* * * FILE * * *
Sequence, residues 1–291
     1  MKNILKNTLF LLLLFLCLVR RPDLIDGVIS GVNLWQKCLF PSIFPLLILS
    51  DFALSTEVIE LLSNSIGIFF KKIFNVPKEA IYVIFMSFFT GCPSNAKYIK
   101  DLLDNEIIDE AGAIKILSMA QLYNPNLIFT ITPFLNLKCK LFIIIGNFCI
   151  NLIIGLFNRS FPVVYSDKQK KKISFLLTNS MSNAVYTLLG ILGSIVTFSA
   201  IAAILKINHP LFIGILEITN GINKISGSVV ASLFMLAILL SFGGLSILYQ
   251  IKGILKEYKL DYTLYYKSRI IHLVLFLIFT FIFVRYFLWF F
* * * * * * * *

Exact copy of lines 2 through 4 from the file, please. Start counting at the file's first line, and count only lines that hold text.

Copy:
     1  MKNILKNTLF LLLLFLCLVR RPDLIDGVIS GVNLWQKCLF PSIFPLLILS
    51  DFALSTEVIE LLSNSIGIFF KKIFNVPKEA IYVIFMSFFT GCPSNAKYIK
   101  DLLDNEIIDE AGAIKILSMA QLYNPNLIFT ITPFLNLKCK LFIIIGNFCI